In a SSHRC Insight Development Grant, Professor Emeritus Glen Norcliffe examines the role Canada has played as China develops its professional hockey teams in the run up to the 2022 Winter Olympic Games to be held in and around Beijing. Geography masters candidate, Phillip Sarrazin is research assistant for the project. For the purposes of this research, professional sport is viewed as an economic sector, and hockey as a sub-sector. The rising commodification of hockey, particularly in North America and Europe, has been accompanied by new and expanding international hockey leagues, more international competitions, exhibition games and team tours, intensive scouting and recruiting of foreign players, larger stadia, increasing media coverage and mounting importance of team branding. This is buttressed by a strategic coupling with media. As older economic sectors have declined, the process of creative destruction has been accompanied by the growth of new economic sectors and notably sport, much of which previously formed part of the community sector as an unremunerated “amateur/nonprofit” activity.
Since China’s bid to host the 2022 Winter Olympics in and around Beijing was accepted by the International Olympic Committee (IOC) in Kuala Lumpur in 2015, China has invested substantial funds to raise the skills of Chinese athletes in winter sports, including hockey, and by building hockey infrastructure.
"The project as a whole can be viewed as a geopolitical exercise, using sport as a form of soft power and a way of asserting international standing," says Norcliffe. "Canadians have helped China develop hockey as team members of professional teams, as coaches, as hosts when Chinese teams visit Canada for demonstration games, helping design the numerous ice hockey arenas being constructed in northern China, and as referees and trainers of referees. Some Chinese Canadians as well as some Chinese hockey players have attended hockey’s High Performance Training Centers in Canada for periods of intensive (and costly) training", he adds.
Although hockey is a relatively new sport to China, there is already a franchise, the Kunlun Red Star co-located in Beijing and Shanghai, a member of the Kontinental Hockey League based in Russia. In 2021, 8 of 25 players on Red Star’s roster identified as Canadian (3 are of Chinese ancestry). Previously, several Chinese franchises (also with some Canadian players) have been affiliated with the smaller Asia League Ice Hockey (ALIH), which has member teams in Japan, Russia and South Korea. At least 24 former NHL players have played in ALIH teams, many have had Canadian coaches, and they scout teams for players, especially Canadians with Chinese ancestry who may be recruited and if needed granted dual citizenship so that they can play for China’s national teams in various competitions.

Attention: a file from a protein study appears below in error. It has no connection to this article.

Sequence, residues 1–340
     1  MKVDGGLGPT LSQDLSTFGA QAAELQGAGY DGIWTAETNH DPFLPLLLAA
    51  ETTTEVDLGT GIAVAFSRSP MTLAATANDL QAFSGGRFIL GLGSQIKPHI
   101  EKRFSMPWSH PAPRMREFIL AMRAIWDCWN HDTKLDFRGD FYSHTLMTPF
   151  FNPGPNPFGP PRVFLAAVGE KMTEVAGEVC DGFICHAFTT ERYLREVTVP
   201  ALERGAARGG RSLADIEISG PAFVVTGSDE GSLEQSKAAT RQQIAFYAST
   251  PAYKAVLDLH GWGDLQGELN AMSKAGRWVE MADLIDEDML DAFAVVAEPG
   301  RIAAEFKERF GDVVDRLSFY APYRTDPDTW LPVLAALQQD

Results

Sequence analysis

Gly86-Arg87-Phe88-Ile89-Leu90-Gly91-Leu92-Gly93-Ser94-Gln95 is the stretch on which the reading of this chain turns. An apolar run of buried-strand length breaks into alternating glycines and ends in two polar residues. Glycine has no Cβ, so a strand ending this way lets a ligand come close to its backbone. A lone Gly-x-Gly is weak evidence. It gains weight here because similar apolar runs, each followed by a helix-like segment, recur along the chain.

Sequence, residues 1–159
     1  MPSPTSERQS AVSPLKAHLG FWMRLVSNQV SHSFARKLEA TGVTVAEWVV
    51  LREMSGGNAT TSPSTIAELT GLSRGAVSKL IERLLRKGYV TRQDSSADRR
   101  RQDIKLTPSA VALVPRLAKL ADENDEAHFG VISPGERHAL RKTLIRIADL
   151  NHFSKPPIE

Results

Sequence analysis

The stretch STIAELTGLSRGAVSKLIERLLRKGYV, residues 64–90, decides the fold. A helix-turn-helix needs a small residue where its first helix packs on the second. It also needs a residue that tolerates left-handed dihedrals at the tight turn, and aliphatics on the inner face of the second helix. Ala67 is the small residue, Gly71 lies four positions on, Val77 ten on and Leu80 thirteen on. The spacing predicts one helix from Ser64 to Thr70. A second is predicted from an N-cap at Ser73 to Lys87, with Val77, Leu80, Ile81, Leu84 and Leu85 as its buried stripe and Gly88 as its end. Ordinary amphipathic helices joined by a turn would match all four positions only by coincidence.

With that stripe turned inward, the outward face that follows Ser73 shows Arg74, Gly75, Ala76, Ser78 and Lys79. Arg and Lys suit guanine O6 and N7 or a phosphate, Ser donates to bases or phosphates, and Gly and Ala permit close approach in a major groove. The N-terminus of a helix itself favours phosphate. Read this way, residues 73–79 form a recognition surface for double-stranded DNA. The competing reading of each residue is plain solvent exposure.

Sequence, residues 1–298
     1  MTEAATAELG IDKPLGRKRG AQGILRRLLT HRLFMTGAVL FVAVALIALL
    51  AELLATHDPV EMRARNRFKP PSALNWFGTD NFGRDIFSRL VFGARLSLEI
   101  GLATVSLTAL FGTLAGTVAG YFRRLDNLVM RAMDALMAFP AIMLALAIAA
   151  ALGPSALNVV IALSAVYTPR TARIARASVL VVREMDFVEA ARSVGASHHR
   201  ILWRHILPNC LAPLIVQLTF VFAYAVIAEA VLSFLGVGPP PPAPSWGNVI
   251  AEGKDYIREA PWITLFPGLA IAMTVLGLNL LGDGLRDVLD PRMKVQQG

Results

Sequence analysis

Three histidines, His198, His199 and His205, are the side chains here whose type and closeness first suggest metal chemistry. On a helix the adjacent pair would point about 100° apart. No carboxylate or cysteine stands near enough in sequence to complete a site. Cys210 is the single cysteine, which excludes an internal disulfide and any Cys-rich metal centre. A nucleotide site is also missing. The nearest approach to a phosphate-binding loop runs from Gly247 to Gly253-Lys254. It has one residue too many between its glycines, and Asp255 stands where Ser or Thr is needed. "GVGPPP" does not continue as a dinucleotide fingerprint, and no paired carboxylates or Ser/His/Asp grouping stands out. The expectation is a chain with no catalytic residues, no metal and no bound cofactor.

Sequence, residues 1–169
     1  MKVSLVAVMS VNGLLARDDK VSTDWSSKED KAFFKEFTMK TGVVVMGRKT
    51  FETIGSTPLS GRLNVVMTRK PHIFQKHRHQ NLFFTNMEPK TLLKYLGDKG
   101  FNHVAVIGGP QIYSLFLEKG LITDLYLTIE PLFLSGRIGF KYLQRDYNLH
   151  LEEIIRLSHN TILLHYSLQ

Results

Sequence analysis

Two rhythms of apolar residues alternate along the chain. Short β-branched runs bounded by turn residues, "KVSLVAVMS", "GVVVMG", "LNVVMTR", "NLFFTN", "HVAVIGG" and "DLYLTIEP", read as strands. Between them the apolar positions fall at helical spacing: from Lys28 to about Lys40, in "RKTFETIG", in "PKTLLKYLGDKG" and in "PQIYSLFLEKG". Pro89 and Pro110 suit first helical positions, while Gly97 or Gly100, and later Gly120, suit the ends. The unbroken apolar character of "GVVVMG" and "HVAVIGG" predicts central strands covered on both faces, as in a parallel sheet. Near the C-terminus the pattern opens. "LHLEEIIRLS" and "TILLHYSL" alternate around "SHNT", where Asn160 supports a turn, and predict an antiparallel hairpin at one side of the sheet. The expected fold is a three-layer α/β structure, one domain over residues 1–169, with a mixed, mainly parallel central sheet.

China’s three northern provinces of Heilongjiang, Jilin and Liaoning plus the Inner Mongolia Autonomous Region experience winters comparable to Canada, and have a population of over 130 million. The Communist Party of China plans a major expansion of winter sports in this large region, creating a winter playground serving China’s growing middle class as well as tourists from abroad. Olympic organizers anticipate that China’s winter sports industry, including hockey, will grow in the post-Olympics period. This complements China’s recent effort to promote more exercise for youths.
Global player production networks sustain China’s hockey teams and franchises. Player's bodies become a site of accumulation as intensive year-round training leads to team success and adds value to a team/franchise while extracting maximum rent from athlete’s bodies. Player’s careers at elite levels are relatively short, and players are frequently traded from team to team, so a steady supply of replacement players is needed. Interaction between Chinese and Canadian hockey is valorized by the exchange of substantial salaries for knowledge about hockey, both codified knowledge but especially tacit knowledge that is gained mainly by playing the game and training with more experienced and knowledgeable players. The development of a competitive hockey team has become a national project, with China adopting Canada as their main trading partner in a program of skill acquisition. This has resulted in the creation of Sino-Canadian player production networks, geared to strengthening Chinese teams.
Glen Norcliffe is professor emeritus in Geography at York University. His research is focused on industry, trade and development, framed in a cultural political economy perspective. His research in China has examined the global production networks that connect makers in China with consumers elsewhere. He has worked with Chinese researchers on the Chinese bicycle industry and its trade with Canada. Subsequently he worked with Chinese and British researchers on the rise of the laptop computer industry in Chongqing and its global supply networks. His current research explores the global player production networks whereby Canadian hockey players and institutions are building hockey skills in China. Norcliffe has also worked on technology issues in China, particularly the role of low-tech delivery tricycles in Beijing, and on the mobilities resulting from the displacement of bicycle culture by automobility. He is the author of the book Critical Geographies of Cycling: History, Political Economy and Culture (2015).